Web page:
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Notes and Queries, Number 81, May 17, 1851 A Medium of Inter-communication for Literary Men, Artists, Antiquaries, Genealogists, etc

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Unless Chaucer had intended to mark with particular exactness the day of the journey to Canterbury, he would not have taken such unusual precautions to protect his text from ignorant or careless transcribers. We find him not only recording the altitudes of the sun, at different hours, in words; but also corroborating those words by associating them with physical facts incapable of being perverted or misunderstood.

Had Chaucer done this in one instance only, we might imagine that it was but another of those occasions, so frequently seized upon by him, for the display of a little scientific knowledge; but when he repeats the very same precautionary expedient again, in the afternoon of the same day, we begin to perceive that he must have had some fixed purpose; because, as I shall presently show, it is the repetition alone that renders the record imperishable.

But whether Chaucer really devised this method for the express purpose of preserving his text, or not, it has at least had that effect,—for while there are scarcely two MSS. extant which agree in the verbal record of the day and hours, the physical circumstances remain, and afford at all times independent data for the recovery or correction of the true reading.

The day of the month may be deduced from the declination of the sun; and, to obtain the latter, all the data required are,

1. The latitude of the place.

2. Two altitudes of the sun at different sides of noon.

It is not absolutely necessary to have any previous knowledge of the hours at which these altitudes were respectively obtained, because these may be discovered by the trial method of seeking two such hours as shall most nearly agree in requiring a declination common to both at the known altitudes. Of course it will greatly simplify the process if we furthermore know that the observations must have been obtained at some determinate intervals of time, such, for example, as complete hours.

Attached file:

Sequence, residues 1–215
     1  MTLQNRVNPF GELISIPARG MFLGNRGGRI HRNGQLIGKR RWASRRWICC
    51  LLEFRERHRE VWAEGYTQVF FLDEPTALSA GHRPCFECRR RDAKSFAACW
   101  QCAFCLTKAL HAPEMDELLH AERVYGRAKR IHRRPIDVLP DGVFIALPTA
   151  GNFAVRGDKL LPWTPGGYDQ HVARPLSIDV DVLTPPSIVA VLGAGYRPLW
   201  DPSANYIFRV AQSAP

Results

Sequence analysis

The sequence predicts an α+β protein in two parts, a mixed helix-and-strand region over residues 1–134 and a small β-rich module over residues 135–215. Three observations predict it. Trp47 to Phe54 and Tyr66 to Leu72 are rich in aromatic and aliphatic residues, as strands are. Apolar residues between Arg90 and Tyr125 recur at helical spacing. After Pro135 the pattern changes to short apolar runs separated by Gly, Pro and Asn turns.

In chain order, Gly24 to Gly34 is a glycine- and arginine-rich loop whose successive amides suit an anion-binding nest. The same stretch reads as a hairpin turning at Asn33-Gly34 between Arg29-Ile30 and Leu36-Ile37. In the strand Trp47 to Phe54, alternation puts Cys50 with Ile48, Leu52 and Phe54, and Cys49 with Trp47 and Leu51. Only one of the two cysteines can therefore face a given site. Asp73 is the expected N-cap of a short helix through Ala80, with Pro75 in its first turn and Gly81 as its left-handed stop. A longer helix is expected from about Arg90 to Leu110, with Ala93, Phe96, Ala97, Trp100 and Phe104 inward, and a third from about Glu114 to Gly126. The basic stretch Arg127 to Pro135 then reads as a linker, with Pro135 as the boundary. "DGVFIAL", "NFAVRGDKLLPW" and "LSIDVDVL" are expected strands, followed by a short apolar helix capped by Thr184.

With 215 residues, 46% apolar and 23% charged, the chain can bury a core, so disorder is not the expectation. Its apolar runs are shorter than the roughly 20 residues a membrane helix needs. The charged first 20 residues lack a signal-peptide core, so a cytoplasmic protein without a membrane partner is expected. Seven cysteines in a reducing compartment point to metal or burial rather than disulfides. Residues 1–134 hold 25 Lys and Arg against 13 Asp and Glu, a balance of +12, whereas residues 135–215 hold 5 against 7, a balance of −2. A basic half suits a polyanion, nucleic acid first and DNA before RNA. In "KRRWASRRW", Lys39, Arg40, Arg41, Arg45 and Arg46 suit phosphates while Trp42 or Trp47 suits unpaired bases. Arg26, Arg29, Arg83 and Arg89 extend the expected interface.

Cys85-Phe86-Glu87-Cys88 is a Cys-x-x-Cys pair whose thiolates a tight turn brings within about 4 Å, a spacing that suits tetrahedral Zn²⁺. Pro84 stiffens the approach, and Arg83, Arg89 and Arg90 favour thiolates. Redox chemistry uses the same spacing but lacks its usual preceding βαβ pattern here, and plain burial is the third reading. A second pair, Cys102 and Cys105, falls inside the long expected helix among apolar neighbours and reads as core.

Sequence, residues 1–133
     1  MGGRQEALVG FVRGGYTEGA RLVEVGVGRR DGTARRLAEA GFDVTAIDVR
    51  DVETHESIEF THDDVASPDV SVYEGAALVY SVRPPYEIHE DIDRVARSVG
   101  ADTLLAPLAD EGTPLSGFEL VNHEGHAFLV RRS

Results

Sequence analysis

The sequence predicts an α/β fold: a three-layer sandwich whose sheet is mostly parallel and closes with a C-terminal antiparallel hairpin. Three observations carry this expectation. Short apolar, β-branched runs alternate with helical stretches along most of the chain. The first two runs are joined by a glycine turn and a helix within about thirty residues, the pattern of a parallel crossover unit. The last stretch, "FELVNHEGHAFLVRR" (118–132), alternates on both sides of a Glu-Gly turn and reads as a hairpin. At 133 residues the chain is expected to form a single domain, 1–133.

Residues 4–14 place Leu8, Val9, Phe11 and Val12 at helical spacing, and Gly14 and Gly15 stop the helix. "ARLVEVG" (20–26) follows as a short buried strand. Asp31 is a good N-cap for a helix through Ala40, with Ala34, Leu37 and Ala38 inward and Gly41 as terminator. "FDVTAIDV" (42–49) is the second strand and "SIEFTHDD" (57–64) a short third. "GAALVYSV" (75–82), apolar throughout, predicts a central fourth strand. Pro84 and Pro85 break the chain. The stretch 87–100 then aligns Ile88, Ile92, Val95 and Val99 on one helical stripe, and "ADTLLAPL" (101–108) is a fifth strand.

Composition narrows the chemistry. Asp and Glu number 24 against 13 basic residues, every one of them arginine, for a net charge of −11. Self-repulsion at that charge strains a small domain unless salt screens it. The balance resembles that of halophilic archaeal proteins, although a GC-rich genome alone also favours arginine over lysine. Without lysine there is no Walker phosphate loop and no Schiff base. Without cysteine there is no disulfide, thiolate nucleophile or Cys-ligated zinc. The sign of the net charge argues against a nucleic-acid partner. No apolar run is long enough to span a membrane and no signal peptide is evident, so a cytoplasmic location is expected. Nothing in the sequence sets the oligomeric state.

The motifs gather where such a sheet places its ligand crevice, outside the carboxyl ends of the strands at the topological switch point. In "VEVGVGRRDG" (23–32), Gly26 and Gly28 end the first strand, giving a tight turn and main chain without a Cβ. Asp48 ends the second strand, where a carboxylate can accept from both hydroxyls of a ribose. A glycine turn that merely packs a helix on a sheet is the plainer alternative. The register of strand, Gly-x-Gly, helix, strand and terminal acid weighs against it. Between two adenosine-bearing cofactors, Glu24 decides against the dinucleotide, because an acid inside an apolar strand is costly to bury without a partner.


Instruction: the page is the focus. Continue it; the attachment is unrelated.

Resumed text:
Now, in the Prologue to the "Canterbury Tales" we know that the observations could not have been recorded except at complete hours, because the construction of the metre will not admit the supposition of any parts of hours having been expressed.

We are also satisfied that there can be no mistake in the altitudes, because nothing can alter the facts, that an equality between the length of the shadow and the height of the substance can only subsist at an altitude of 45 degrees; or that an altitude of 29 degrees (more or less) is the nearest that will give the ratio of 11 to 6 between the shadow and its gnomon.

With these data we proceed to the following comparison:

Forenoon altitude 45°. Afternoon altitude 29°. Hour.   Declin. Hour.   Declin. XI   A.M.   8°   9′ N. II   P.M.   3° 57′ S. X   " 13° 27′  " III   "   3° 16′ N. IX   " 22° 34′  " IV   " 13° 26′  " VIII   " Impossible. V   " Impossible.

Here we immediately select "X A.M." and "IV P.M." as the only two items at all approaching to similarity; while, in these the approach is so near that they differ by only a single minute of a degree...!